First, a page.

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FEATURED AUSTRALIA DISABILITY ROYAL COMMISSION REPORT: It’s Over & here are the main recommendations.

AceNewsDesk – The disability royal commission is over and the recommendations are in. Here are the main takeaways


Ace Press News From Cutting Room Floor: Published: Sept.29: 2023: ABC News: TELEGRAM Ace Daily News Link

Education and schools

Three commissioners recommended phasing out segregated education or “special schools”, by 2051. They also want no new enrolments from 2032.

In special schools, students with disability are educated separately from other students, although they may be located within a mainstream school.

“We heard that once a student is placed in a special or segregated school or class, they will rarely transition to a mainstream school or classroom,” the report said.

“This can contribute to them remaining in other segregated environments throughout their lives.”

The remaining three commissioners want the transition to happen, but without a deadline. Instead they suggest stronger relationships be formed between mainstream and special schools, including for the mixing of classes where practical.

However all commissioners agreed the status quo cannot remain and that segregation in the schooling of students with disability should end.

Employment and jobs

Four commissioners recommended phasing out segregated employment, including Australian Disability Enterprises (also known as ADEs) — a type of workplace which can legally pay people with disability as little as $2.50 per hour — by 2034.

They said “different views” had been expressed on whether ADEs were a type of segregation that infringed on people’s human rights.

Commissioners said steps should be taken to move away from paying people with disability below minimum wage.

“It is an affront to dignity to pay someone, who is as committed to their job as any other person (with or without disability), a sub-minimum wage,” the report said.

Targets for disability employment in the public sector were also recommended.

About 53 per cent of people with disability are in the workforce, compared to about 84 per cent of people without disability, data from the Australian Bureau of Statistics shows.

Group homes

Commissioners recommended phasing out group homes and making “major improvements” to disability accommodation.

Group homes are a type of specialist accommodation where several people with disability might live together and receive support from carers.

About 17,000 people with disability, mainly people with intellectual disability, live in group homes in Australia. They do not always get to choose who they live with.

The inquiry was told abuse and neglect was “pervasive” in group homes, with stories ranging from the use of chemical and physical restraints to financial exploitation by staff members.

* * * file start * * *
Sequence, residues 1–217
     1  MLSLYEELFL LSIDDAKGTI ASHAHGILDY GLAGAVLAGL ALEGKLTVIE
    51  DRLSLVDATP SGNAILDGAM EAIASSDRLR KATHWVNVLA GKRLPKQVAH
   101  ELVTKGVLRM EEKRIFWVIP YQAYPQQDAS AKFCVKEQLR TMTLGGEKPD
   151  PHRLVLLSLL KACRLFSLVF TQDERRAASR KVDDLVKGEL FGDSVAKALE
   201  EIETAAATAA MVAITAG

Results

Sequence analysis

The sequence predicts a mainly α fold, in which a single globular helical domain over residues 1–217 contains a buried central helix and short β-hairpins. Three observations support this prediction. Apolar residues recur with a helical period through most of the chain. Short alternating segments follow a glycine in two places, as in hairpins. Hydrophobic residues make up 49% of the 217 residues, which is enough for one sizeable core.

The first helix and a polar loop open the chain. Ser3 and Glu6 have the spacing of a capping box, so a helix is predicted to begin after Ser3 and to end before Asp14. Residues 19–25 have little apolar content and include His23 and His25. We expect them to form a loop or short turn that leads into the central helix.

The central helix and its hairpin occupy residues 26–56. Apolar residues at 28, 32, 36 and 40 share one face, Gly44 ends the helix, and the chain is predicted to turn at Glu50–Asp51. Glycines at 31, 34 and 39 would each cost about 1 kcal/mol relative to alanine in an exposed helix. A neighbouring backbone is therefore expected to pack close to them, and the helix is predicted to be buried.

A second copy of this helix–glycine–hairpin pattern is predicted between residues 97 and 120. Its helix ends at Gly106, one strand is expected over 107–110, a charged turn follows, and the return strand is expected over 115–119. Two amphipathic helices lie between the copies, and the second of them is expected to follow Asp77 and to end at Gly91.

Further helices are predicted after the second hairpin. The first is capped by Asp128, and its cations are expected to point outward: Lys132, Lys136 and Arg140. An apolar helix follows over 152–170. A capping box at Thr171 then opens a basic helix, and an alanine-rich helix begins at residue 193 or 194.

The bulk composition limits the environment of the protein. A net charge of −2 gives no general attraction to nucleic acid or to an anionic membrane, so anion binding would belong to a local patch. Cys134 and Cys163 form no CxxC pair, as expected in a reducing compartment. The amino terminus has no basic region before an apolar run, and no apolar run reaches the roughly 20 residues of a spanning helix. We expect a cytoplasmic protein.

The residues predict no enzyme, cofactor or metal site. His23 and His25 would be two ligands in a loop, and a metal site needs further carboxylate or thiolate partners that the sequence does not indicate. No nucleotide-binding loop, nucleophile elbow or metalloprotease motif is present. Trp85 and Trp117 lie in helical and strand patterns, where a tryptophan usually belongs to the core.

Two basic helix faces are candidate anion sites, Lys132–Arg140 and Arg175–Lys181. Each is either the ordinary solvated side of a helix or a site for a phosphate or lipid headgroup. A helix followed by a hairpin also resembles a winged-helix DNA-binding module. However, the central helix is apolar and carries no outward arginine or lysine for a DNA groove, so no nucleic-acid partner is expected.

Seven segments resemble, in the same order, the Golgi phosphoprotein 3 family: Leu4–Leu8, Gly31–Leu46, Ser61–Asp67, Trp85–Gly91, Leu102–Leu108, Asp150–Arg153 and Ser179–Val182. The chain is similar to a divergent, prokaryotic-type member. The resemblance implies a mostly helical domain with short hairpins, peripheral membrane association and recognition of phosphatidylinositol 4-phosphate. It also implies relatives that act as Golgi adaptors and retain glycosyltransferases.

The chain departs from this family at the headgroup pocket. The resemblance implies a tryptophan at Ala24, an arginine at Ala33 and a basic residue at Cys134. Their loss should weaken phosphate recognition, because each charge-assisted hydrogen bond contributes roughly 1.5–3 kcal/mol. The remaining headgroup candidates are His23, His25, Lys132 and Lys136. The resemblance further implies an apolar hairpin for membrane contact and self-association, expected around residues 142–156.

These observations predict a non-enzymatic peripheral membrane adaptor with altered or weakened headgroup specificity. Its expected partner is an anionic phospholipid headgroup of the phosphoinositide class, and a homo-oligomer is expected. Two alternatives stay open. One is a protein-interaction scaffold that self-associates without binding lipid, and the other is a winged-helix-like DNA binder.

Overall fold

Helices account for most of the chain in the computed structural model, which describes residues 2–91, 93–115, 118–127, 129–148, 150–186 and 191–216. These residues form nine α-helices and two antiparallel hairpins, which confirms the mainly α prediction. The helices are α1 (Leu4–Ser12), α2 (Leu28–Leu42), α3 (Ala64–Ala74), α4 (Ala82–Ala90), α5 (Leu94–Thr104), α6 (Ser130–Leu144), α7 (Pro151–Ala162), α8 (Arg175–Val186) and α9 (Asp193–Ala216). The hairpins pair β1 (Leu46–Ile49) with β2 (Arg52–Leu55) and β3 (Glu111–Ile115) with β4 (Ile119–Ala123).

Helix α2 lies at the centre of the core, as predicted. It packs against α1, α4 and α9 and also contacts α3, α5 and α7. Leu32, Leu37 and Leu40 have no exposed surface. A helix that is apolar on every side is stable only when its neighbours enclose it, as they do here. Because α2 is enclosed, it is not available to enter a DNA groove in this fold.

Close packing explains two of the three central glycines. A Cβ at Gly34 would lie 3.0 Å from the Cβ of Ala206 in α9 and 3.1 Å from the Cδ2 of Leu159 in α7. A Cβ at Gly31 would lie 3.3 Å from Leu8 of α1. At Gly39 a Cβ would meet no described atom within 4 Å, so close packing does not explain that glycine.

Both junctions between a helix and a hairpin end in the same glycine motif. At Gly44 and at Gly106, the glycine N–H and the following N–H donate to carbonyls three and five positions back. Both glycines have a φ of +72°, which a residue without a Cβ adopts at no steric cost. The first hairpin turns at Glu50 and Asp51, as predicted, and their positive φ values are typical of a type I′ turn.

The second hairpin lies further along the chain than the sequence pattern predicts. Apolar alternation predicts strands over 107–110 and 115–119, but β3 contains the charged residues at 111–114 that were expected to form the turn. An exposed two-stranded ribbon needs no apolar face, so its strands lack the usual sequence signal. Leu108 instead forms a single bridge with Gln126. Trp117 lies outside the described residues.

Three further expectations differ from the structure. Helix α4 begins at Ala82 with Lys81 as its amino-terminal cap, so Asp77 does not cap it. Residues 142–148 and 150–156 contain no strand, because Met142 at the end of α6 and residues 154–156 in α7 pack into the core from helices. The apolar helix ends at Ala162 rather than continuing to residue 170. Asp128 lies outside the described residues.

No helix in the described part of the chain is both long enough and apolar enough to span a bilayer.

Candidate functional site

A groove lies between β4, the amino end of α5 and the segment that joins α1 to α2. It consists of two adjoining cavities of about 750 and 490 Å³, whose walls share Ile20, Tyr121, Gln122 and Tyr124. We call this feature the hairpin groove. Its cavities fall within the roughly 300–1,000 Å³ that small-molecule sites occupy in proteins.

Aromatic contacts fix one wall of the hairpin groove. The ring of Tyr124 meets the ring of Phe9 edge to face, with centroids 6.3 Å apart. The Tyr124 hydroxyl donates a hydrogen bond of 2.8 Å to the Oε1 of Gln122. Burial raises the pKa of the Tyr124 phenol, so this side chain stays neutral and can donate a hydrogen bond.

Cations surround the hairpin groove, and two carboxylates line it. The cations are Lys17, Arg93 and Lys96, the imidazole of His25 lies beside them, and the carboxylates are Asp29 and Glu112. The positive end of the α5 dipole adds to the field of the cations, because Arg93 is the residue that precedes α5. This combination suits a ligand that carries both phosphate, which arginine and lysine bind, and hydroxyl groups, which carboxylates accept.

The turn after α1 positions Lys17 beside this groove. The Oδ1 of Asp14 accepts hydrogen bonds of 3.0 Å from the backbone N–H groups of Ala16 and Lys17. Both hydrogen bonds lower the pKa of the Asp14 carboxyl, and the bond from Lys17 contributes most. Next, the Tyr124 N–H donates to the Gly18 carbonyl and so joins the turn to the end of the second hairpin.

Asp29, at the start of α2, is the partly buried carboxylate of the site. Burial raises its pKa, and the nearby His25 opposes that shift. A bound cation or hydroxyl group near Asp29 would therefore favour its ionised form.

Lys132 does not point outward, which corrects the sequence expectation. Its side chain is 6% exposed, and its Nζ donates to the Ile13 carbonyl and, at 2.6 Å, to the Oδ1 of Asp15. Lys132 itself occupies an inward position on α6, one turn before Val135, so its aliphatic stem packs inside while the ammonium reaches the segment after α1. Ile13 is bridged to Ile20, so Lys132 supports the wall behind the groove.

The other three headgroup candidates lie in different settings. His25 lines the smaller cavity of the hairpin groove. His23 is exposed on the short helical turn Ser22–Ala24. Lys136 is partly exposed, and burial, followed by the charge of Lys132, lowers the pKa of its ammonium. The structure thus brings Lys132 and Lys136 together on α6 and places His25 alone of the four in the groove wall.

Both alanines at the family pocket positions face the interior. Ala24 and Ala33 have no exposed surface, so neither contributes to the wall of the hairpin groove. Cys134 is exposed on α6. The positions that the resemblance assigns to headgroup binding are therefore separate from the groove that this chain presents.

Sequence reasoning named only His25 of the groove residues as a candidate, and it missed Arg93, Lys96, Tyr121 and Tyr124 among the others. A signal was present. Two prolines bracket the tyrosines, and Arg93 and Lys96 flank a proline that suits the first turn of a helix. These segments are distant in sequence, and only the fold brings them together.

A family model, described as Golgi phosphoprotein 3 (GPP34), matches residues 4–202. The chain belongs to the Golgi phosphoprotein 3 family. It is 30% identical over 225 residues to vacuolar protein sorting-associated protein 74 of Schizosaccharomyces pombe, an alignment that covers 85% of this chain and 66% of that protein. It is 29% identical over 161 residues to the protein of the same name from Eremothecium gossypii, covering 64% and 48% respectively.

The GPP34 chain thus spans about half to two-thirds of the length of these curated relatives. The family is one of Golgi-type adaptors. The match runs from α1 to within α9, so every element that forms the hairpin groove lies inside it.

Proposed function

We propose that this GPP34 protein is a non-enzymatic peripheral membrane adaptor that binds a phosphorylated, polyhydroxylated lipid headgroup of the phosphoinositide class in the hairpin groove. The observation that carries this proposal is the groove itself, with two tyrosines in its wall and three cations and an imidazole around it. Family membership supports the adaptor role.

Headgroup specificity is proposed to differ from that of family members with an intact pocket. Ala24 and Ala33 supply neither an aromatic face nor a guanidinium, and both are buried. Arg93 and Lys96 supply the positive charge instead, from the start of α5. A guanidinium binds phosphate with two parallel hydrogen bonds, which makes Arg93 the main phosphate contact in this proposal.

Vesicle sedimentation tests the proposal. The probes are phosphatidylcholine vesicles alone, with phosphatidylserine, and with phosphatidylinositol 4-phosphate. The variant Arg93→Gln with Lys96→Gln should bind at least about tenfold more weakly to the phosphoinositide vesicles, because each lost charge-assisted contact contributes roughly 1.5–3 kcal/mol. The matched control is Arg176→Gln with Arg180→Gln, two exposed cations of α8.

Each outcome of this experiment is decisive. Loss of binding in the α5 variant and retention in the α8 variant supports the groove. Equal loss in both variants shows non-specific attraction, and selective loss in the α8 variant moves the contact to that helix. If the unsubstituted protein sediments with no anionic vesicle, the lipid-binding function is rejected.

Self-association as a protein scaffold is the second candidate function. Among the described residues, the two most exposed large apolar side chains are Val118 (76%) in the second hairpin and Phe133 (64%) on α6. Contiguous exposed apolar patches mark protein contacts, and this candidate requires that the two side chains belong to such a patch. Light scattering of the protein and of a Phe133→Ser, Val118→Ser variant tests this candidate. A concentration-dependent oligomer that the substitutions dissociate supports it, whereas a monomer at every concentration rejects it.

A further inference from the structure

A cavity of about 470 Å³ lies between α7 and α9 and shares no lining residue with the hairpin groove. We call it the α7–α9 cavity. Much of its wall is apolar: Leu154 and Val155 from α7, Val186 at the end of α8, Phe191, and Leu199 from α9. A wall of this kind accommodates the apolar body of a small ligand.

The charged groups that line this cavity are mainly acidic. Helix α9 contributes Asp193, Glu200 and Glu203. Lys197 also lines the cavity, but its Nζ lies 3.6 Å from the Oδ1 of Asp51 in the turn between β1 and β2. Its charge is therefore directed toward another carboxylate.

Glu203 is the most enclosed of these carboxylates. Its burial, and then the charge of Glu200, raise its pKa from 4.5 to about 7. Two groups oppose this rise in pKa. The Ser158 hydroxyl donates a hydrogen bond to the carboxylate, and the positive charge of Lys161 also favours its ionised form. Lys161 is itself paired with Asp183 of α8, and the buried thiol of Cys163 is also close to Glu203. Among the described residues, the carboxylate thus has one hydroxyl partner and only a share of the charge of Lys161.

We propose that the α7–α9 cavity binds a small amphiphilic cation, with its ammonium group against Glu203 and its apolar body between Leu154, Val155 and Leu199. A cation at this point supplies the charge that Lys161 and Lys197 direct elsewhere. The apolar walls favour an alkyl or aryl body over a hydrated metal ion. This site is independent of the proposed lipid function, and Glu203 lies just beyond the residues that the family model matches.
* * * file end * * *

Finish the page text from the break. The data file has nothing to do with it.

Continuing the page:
Four commissioners want group homes phased out entirely over 15 years, arguing the model will “never realise the rights of people with disability”.

Another agreed they should be phased out, but “carefully within a generational time frame”.

“Current practices in group homes can fail to keep people with disability safe and empowered to exercise choice and control, with opportunities to develop and build capacity,” the report said.

“We all strongly support the expansion of alternative housing options for people with disability to provide greater choice.”

Autonomy and accessibility

Commissioners recommended improving the accessibility of information and communication, boosting the number of Auslan interpreters and making sure people with disability have access to skilled interpreters when needed.

It has also made dozens of recommendations around empowering people with disability to participate in decisions that affect their lives.

Part of that is nationwide reforms of guardianship laws.

Guardianship refers to when another person – sometimes the state – is given authority to make decisions on behalf of a person with disability. They exist to protect society’s most vulnerable, but advocates say it strips people with disability of their independence.

There are an estimated 50,000 Australians whose affairs are under state control through guardianship and administration.

Every state and territory has restrictions on publishing information about people with disability who are subject to guardianship, which the royal commission says shields disability service providers and public guardians “from transparency”.

“We recommend states and territories amend legislation to allow publication of material related to tribunal proceedings, unless the tribunal makes an order preventing public identification, taking into account the will and preferences of the party in the proceedings,” the report said.